Elsie MacGill during her CC&F years
|Born||March 27, 1905
|Died||November 4, 1980 (aged 75)
|Education||Bachelor of Applied Science in Engineering, University of Toronto (1927); Master of Science in Engineering (aeronautics), University of Michigan (1929); Doctoral studies at MIT in Cambridge (1932-1934).|
|Occupation||Aeronautical engineer, Aircraft designer, Human rights activist, Author|
|Title||"The Queen of the Hurricanes"|
|Spouse(s)||E. J. (Bill) Soulsby|
|Parent(s)||James Henry MacGill and Helen Gregory MacGill|
Elizabeth Muriel Gregory "Elsie" MacGill, OC (March 27, 1905 – November 4, 1980), known as the "Queen of the Hurricanes", was the world's first female aircraft designer. She worked as an aeronautical engineer during the Second World War and did much to make Canada a powerhouse of aircraft construction during her years at Canadian Car and Foundry (CC&F) in Fort William, Ontario. After her work at CC&F she ran a successful consulting business. Between 1967-1970 she was a commissioner on the Royal Commission on the Status of Women in Canada, published in 1970.
Early life and education
MacGill was born in Vancouver on March 27, 1905, youngest daughter of James Henry MacGill, a prominent Vancouver lawyer, part-time journalist, and Anglican deacon, and Helen Gregory MacGill, a journalist and British Columbia's first woman judge. She had two older step-brothers from her mother's first marriage, and an older sister Dr. Helen "Young Helen" MacGill Hughes (1903) with whom she was very close.
In the early years, the MacGill children were home schooled in a formal setting to mimic that of Lord Roberts, the public school that the older boys attended. This included drawing lessons with Emily Carr, and swimming lessons with Joe Fortes. Later, they attended King George Secondary School, which was affiliated with McGill University. This rigorous education facilitated Elsie entering University of British Columbia when she was 16. She was admitted to the applied sciences program, but the Dean of the faculty asked her to leave after only one term.
When MacGill was 12 years old, her mother was appointed Judge of the Juvenile Court of Vancouver. After 1911, the racial strife in British Columbia continued to escalate, and Jim MacGill's immigration-related legal work was directly impacted. This caused severe financial strain for the family during the war years. Her early aptitude for "fixing things" held the family in good stead, and informed discussions of possible careers.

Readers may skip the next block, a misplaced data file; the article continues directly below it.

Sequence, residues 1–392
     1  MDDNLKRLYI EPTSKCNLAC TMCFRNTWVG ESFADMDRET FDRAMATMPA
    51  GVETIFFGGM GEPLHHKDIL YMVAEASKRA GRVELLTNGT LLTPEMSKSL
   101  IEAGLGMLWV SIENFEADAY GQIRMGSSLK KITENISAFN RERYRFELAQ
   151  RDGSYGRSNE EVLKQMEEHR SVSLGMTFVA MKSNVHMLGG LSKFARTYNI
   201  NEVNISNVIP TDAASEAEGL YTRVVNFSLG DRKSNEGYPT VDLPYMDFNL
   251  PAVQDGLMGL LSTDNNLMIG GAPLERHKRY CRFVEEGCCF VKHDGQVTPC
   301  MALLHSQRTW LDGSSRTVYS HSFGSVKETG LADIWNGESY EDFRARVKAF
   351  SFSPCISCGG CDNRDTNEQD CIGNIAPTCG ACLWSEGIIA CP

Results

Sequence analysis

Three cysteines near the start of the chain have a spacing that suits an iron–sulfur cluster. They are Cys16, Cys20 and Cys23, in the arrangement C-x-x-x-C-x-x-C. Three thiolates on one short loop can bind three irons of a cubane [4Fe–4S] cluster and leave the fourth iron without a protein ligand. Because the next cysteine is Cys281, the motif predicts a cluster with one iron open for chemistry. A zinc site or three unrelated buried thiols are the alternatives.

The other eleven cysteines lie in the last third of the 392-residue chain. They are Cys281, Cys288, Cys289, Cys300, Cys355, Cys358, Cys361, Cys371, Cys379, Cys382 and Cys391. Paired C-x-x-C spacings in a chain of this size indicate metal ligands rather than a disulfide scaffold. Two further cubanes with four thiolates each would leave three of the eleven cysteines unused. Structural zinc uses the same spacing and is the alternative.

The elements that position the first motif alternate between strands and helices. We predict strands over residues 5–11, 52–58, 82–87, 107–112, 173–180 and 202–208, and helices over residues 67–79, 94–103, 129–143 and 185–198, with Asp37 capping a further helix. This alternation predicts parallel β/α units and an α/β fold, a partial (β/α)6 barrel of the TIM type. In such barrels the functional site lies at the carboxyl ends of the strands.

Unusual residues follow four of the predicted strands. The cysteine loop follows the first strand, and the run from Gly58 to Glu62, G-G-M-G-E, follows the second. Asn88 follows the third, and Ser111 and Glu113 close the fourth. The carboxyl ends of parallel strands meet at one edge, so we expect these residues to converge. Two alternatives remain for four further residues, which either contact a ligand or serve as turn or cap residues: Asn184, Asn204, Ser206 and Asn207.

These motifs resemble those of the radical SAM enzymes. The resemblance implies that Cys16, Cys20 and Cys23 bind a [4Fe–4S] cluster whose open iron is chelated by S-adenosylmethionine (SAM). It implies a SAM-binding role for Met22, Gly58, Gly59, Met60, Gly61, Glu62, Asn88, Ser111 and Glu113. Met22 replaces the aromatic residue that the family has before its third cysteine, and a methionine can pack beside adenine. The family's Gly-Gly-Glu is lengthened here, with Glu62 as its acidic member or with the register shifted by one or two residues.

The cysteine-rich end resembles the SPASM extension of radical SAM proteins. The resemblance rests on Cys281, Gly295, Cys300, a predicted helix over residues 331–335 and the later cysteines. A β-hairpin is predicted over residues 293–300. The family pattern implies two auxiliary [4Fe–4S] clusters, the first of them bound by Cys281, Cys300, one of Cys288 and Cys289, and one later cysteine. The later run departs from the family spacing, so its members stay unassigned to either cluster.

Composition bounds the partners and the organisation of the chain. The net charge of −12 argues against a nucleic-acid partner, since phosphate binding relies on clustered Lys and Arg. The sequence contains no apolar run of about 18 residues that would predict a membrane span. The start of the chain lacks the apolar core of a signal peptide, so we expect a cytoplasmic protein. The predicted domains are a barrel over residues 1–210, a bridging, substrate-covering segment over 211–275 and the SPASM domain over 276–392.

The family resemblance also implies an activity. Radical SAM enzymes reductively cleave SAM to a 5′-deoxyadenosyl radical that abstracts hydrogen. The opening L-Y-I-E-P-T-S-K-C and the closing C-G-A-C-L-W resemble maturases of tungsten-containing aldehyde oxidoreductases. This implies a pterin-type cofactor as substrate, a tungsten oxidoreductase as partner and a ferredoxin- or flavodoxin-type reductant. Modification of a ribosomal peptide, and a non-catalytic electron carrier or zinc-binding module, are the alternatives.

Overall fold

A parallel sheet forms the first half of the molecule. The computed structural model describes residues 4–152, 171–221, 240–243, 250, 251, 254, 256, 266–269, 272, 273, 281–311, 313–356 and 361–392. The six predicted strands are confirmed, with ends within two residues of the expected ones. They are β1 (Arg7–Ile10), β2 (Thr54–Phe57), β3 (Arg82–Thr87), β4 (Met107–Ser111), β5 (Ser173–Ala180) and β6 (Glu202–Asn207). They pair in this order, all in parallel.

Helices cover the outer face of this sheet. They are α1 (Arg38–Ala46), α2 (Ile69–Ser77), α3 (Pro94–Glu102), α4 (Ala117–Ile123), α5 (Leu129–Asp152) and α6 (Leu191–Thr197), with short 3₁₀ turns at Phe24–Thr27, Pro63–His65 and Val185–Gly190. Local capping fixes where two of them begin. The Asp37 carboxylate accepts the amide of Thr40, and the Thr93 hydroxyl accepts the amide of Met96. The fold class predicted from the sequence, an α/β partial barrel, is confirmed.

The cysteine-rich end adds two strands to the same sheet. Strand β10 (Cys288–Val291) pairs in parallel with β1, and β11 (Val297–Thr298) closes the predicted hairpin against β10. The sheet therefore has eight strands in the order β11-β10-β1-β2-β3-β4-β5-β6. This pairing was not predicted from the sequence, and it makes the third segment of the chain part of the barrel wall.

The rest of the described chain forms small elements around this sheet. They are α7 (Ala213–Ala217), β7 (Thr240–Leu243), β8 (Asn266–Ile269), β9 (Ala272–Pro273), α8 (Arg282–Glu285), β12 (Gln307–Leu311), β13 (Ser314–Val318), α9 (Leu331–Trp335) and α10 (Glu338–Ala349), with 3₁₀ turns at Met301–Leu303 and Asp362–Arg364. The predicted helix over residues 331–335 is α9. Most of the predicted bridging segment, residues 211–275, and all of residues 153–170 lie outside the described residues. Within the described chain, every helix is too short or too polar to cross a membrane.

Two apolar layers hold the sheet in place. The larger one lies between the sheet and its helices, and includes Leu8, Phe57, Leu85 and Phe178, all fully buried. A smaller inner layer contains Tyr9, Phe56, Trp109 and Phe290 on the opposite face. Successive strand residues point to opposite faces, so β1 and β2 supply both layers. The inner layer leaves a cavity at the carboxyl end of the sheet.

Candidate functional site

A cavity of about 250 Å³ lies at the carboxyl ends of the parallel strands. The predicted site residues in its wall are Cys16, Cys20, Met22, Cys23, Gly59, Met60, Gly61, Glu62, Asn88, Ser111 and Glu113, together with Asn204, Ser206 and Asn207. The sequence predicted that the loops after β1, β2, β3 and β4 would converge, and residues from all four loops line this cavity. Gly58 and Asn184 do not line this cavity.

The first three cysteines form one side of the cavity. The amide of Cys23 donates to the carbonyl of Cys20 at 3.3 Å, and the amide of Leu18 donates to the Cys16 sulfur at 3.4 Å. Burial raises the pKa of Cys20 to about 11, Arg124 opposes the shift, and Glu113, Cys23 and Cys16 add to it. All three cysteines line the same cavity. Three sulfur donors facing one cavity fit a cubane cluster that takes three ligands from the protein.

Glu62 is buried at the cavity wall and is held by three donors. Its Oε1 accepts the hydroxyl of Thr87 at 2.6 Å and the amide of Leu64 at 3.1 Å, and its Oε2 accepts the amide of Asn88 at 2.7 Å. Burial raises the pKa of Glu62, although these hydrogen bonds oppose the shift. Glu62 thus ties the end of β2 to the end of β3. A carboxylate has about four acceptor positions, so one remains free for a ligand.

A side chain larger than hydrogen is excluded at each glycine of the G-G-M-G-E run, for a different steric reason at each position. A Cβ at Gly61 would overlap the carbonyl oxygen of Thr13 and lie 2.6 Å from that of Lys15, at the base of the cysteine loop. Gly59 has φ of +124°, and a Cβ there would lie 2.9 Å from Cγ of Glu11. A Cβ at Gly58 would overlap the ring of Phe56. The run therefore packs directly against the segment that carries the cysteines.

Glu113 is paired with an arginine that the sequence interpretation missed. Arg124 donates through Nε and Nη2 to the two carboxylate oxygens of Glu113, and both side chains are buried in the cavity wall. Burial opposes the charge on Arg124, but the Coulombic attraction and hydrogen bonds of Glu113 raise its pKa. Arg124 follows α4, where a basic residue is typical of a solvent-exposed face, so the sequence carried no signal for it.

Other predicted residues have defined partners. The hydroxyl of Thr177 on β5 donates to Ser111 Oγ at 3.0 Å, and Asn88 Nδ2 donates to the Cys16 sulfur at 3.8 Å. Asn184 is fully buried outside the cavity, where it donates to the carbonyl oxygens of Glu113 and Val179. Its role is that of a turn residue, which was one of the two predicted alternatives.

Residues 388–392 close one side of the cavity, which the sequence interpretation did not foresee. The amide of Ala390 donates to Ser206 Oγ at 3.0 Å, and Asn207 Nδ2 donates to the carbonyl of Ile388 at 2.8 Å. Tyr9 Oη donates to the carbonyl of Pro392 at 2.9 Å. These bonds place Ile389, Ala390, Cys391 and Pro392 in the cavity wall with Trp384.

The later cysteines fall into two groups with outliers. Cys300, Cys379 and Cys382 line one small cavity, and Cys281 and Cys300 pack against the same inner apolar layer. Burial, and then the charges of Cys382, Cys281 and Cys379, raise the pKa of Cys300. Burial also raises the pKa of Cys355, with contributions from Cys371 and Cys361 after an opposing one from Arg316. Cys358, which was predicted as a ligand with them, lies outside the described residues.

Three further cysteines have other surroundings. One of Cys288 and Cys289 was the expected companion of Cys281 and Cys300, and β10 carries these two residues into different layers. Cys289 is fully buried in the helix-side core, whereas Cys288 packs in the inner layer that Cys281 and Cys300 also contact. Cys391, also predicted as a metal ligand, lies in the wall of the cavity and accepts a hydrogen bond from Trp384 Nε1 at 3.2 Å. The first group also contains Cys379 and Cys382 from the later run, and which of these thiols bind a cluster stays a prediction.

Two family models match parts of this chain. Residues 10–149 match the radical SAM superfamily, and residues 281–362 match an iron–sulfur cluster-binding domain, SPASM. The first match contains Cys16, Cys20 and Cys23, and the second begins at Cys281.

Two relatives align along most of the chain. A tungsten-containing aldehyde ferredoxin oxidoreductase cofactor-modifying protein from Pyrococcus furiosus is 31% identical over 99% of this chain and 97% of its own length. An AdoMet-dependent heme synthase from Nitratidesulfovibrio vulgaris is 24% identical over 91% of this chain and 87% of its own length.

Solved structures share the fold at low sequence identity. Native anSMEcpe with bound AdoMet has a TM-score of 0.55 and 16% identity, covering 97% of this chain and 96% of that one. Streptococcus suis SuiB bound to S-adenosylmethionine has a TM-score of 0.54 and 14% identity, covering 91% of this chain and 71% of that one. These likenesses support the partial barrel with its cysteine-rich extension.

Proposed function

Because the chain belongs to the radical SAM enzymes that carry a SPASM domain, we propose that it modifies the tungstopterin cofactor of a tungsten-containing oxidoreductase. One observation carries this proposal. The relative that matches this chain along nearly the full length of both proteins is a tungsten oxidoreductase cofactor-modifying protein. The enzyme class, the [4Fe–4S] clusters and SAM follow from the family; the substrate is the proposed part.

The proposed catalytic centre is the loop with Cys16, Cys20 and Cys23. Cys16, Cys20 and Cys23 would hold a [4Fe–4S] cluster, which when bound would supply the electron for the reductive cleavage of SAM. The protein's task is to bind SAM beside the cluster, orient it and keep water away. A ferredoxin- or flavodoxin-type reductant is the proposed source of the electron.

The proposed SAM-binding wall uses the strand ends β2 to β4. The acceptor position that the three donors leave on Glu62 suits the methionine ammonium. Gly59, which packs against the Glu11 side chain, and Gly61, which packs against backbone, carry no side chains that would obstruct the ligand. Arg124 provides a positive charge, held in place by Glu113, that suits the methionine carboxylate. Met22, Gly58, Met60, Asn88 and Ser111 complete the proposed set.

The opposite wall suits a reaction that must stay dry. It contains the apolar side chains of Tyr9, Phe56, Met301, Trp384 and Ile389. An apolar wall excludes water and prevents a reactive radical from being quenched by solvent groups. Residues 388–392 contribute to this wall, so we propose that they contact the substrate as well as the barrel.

Her mother was an advocate of women's suffrage and influenced MacGill's decision to study engineering. She graduated from the University of Toronto in 1927, and was the first Canadian woman to earn a degree in electrical engineering.
My presence in the University of Toronto's engineering classes in 1923 certainly turned a few heads.
Although I never learned to fly myself, I accompanied the pilots on all test flights – even the dangerous first flight – of any aircraft I worked on.— Elsie MacGill, 1940, 
MacGill was admitted to the University of Toronto's Bachelor of Applied Sciences program in 1923. During the summers she worked in machine shops repairing electrical motors to supplement the theory and practical teachings during the school year. It is also here that Elsie became exposed to the nascent field of aeronautical engineering. Contracting polio just before her graduation, MacGill was told that she would probably spend the rest of her life in a wheelchair. She refused to accept that possibility, however, and learned to walk supported by two strong metal canes. When she convocated she was Canada's first woman graduate in electrical engineering.
Following graduation, MacGill took a junior job with a firm in Pontiac, Michigan. During the time there, the company began producing aircraft, which furthered Elsie's interest in aeronautics. She began part-time graduate studies in aeronautical engineering at the University of Michigan, enrolling in the fall of 1927 in the full-time Master of Science in Engineering program to begin aircraft design work and conduct research and development in the University's new aeronautics facilities. In 1929, she became the first woman in North America, and likely the world, to be awarded a master's degree in aeronautical engineering.
In 1934, MacGill started work at Fairchild Aircraft's operations in Montreal as an Assistant Aeronautical Engineer. In 1938, she was the first woman elected to corporate membership in the Engineering Institute of Canada (EIC). She presented a paper, "Simplified Performance Calculations for Aeroplanes", to the Royal Aeronautical Society in Ottawa, on March 22, 1938 to high praise. It was later published in The Engineering Journal. She also participated in the Canadian Broadcasting Corporation's six-part series, The Engineer in War Time; her segment was called "Aircraft Engineering in Wartime Canada". In 1942, she was elected to the position of Chairman of the EIC, Lakehead Branch, after having also served as their Vice-Chairman.